The letter “u” in Early Modern English became “v”. Several examples would be: liue, euer, fauor, clouer (live, ever, favor, clover). If the “u” started a word, it became a “v”, like vpon, vntil, vfuall (upon, until, usual).

Words with “vv” became “w”: povvder, flovver, tovver, vvither (power, flower, tower, wither).

Sometimes the letter “b” that started a word became “v”: benomous, benerate (venomous, venerate).

Almost all words that included “s” in the middle originally had been “f”: caftle, congrefs, mofte (castille, congress, most). The “f” resembled the “s” in classical Greek. This change made English words appear more distinguished.

“y” became “I”: dayly, forgyve, fayth, artycle (daily, forgive, faith, article).

Many of today’s words with a consonant as the last letter ended in “e”: kingdome, meeke, righteousnesse, muste.

Many words today were spelled with double letters, such as: Sonne, originall, cann, Batt (son, original, can, bat).

The first letter of most nouns became capital letters, beginning in the seventeenth century. Noun capitalization was borrowed from the German language, in which all nouns are capitalized. From the seventeenth to the eighteenth centuries, this was the rule for all printed English words. Several examples include: “He has a Methode for reading the Tytle of any Playe”, or “The Dog saw the Flouer and the Hatt”.

If you’re interested enough to examine the words in context, look up online and scan through pages of original copies of the King James Version of the Bible (1611), William Shakespeare’s poems and plays (1593 to 1613), even the Constitution of the United States (1776). Of course, a lot of other printed and written literature was produced, which have been carefully preserved in world-class libraries and can be searched on the Internet. You might be delightfully surprised at how today’s English words were once spelled.

Modern Trends in Sports Administration and Management

One of the major factors militating against the development of sports in Nigeria today is lack of effective management. A lot of solutions are being proffered by concerned and patriotic Nigerians daily to bail us out the quagmire. One of such solutions is this text entitled “Modern Trends in Sports Administration and Management”. It is written by Dr. Joseph Awoyinfa, a lecturer in the Department of Human Kinetics and Health Education, Faculty of Education, University of Lagos, Nigeria; a researcher and educational consultant. I was the person invited by the author and the university to review the book when it was presented to the public on December 4, 2008 in Nigeria.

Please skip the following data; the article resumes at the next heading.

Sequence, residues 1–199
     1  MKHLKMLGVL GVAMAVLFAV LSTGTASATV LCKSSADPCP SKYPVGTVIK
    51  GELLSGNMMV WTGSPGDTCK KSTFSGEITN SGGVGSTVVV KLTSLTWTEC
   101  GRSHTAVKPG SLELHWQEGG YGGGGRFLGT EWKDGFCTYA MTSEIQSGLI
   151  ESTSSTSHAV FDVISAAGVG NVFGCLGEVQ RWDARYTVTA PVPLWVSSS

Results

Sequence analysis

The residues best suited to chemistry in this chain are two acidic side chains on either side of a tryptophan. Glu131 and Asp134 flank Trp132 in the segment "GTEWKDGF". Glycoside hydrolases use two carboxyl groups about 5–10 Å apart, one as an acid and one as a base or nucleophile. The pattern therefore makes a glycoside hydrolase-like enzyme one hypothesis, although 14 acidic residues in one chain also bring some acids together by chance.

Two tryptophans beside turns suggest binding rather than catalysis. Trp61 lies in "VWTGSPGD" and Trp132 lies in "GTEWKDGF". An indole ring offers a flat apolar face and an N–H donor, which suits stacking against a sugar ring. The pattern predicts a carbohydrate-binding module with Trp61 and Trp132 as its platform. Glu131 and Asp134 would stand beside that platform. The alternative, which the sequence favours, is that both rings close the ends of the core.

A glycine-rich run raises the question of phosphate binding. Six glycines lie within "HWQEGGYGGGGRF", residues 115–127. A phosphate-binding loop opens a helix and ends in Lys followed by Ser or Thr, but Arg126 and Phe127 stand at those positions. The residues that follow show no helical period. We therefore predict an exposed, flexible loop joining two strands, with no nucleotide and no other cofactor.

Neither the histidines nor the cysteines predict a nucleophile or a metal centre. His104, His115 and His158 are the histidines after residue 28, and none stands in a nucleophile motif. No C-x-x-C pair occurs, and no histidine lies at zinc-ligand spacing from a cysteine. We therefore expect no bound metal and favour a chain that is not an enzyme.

According to Awoyinfa, it is a truism all over the world that sport is now a reference issue which can no longer be ignored at various sectors of the economy and spheres of life. The author adds that this text thus takes a critical look at topical issues in sports administration and management, dwelling on theories and principles of modern trends in sports administration and management such as leadership, organisation, planning, motivation, etc.

The text contains 16 chapters. Chapter one is christened “the concept of sports management”. Here, Awoyinfa says management is a concept that implies different things to different people at different times, thus leading to its multiplicity of definitions. He explains that management has been variously described as an art, a science, a person or people, a discipline and a process.

This author expatiates that as an art, sports management is all about carrying out sports organisational functions and tasks through people; while as a science, sports management is about establishing sports philosophy, laws, theories, principles, processes and practices. As an organisation, according to him, sports management is defined as a means of creating formal structures and an establishment based on a mission, objectives, targets, functions and tasks.